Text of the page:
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Illustration: Aïda Amer/Axios

The 2020 Democratic field splits into two rough camps: anger vs. optimism.

The big picture: Democrats ultimately have to choose between someone who's the mirror image of President Trump (an angry fighter) — or the opposite (an optimistic pragmatist).

  • One Democratic operative said you can even see the difference by turning down the sound on the candidates' announcement videos.
  • Sen. Kamala Harris is the clearest example of a candidate who so far has straddled the two camps.

The fighters are defined by their brand of liberal populism:

  • Think Sens. Elizabeth Warren and Bernie Sanders, who argue that Americans are victimized not just by Trump, but by corporations, billionaires, and a rigged system.
  • Exhibit A ... Warren tweeted yesterday: "I want to be absolutely clear: this ridiculous wall isn’t a national emergency, and Donald Trump isn’t king. We’ll fight this with everything we’ve got."

The optimists paint a hopeful, and relatively more moderate, view:

  • Sens. Cory Booker and Amy Klobuchar, as well as Julián Castro fall squarely in this category. So would Joe Biden, Sen. Sherrod Brown and Beto O'Rourke if they were to run.
  • Exhibit B ... Klobuchar tweeted yesterday: "Both sides of my family arrived in America with nothing but a suitcase, looking for a better life for their families. Their story isn’t so different from people working towards opportunity today. It's past time for comprehensive immigration reform."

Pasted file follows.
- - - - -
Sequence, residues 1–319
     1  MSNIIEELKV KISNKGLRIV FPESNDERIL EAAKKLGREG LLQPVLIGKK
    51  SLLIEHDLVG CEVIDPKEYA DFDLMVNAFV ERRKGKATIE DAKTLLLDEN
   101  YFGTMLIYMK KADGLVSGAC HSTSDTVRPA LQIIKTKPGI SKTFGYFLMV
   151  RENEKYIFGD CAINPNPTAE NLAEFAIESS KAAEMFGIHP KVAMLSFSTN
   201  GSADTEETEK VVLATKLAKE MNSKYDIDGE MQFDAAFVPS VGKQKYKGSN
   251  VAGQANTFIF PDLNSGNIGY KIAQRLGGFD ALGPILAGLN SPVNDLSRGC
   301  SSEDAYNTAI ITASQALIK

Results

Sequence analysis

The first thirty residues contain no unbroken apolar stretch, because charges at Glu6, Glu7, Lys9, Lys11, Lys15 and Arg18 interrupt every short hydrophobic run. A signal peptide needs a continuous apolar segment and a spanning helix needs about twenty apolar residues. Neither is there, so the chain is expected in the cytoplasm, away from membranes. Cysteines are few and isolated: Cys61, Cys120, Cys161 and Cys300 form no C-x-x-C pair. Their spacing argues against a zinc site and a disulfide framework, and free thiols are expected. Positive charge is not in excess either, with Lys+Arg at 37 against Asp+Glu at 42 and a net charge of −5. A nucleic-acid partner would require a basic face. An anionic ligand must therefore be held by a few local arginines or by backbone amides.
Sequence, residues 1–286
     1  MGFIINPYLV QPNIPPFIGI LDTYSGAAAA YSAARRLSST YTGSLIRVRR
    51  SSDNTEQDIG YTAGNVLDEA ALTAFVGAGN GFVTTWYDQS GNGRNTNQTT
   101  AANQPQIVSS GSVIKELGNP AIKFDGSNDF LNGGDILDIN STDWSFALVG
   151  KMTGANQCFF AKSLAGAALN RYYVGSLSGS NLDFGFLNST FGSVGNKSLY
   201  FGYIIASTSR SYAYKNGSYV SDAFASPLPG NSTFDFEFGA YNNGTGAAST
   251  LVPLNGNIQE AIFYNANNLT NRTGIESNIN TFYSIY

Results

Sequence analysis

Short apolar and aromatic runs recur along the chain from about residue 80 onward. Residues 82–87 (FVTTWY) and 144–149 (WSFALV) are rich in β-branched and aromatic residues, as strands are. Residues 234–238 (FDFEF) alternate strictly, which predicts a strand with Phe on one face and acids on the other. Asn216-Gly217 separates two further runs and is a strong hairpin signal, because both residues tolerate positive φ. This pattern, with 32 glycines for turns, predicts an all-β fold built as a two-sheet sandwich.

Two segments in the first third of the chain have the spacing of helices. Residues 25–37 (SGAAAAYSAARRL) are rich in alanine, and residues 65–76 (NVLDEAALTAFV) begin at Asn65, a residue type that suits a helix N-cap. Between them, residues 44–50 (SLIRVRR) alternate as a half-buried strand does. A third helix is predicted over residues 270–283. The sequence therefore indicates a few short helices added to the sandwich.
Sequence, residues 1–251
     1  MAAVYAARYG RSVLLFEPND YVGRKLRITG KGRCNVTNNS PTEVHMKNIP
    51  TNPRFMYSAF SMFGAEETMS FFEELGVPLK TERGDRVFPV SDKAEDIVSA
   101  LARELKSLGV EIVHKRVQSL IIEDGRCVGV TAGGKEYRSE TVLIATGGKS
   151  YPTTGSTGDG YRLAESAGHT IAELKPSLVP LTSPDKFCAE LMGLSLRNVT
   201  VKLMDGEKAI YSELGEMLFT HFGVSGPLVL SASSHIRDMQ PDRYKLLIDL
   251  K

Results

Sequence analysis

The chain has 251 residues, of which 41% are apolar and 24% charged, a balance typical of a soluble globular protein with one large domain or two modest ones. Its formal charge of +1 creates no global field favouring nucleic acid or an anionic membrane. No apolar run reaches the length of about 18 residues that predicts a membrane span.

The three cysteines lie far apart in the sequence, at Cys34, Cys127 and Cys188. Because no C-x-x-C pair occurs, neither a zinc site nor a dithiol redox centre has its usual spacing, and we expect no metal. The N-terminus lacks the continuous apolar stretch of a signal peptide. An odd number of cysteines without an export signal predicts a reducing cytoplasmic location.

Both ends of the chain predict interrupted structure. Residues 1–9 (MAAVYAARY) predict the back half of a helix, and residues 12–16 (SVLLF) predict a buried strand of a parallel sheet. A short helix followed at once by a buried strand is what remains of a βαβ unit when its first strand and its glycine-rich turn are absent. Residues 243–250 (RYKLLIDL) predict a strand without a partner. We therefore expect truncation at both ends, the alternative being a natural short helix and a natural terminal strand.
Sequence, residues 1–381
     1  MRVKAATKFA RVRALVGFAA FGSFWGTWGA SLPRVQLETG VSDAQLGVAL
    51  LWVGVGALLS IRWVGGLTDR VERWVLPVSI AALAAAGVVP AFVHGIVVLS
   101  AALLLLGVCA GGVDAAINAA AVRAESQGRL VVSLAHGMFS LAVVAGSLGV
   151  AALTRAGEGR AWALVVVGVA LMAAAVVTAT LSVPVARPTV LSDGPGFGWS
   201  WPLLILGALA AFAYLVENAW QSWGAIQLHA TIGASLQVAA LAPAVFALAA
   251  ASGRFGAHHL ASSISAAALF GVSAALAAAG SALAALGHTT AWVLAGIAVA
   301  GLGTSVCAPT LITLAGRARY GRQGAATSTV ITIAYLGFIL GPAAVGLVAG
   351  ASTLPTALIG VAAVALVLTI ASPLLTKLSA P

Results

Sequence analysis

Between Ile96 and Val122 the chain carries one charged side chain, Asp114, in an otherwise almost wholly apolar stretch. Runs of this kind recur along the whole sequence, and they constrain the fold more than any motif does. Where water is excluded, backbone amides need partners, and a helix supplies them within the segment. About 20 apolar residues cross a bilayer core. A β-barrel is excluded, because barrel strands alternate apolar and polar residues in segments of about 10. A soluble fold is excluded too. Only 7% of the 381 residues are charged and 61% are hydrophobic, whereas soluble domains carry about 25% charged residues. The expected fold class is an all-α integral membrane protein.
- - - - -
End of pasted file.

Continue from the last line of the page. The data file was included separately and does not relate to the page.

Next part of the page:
What the polls show: Democratic voters value electability. 56% "prefer someone who would be a strong candidate against Trump even if they disagree with that candidate on most issues," according to a recent Monmouth University poll.

  • "People will be willing to set aside ideology because they want a winner," said Matt Bennett, co-founder of centrist think tank Third Way.

Go deeper:

Go deeper

Biden to sign voting rights order to mark "Bloody Sunday" anniversary

President Biden will sign an executive order today, on the 56th anniversary of "Bloody Sunday," meant to promote voting rights, according to an administration official.

Why it matters: The executive order comes as Democrats face an uphill battle to pass a sweeping election bill meant, in part, to combat a growing number of proposals introduced by Republicans at the state level that would restrict voter access.

Updated 5 hours ago - World

In photos: Pope Francis spreads message of peace on first trip to Iraq

Pope Francis waving as he arrives near the ruins of the Syriac Catholic Church of the Immaculate Conception (al-Tahira-l-Kubra), in the old city of Iraq's northern Mosul on March 7. Photo: Vincenzo Pinto/AFP via Getty Images

Pope Francis was on Sunday visiting areas of northern Iraq once held by Islamic State militants.

Why it matters: This is the first-ever papal trip to Iraq. The purpose of Francis' four-day visit is largely intended to reassure the country's Christian minority, who were violently persecuted by ISIS, which controlled the region from 2014-2017.

Cuomo faces fresh misconduct allegations from former aides

New York Gov. Andrew Cuomo during a February press conference in New York City. Photo: Seth Wenig/Pool/AFP via Getty Images

The office of New York Gov. Andrew Cuomo (D) was on Saturday facing fresh accusations of misconduct against his staff, including further allegations of inappropriate behavior against two more women. His office denies the claims.

Driving the news: The Washington Post reported Cuomo allegedly embraced an aide when he led the U.S. Department of Housing and Urban Development and that two male staffers who worked for him in the governor's office accused him of routinely berating them "with explicit language."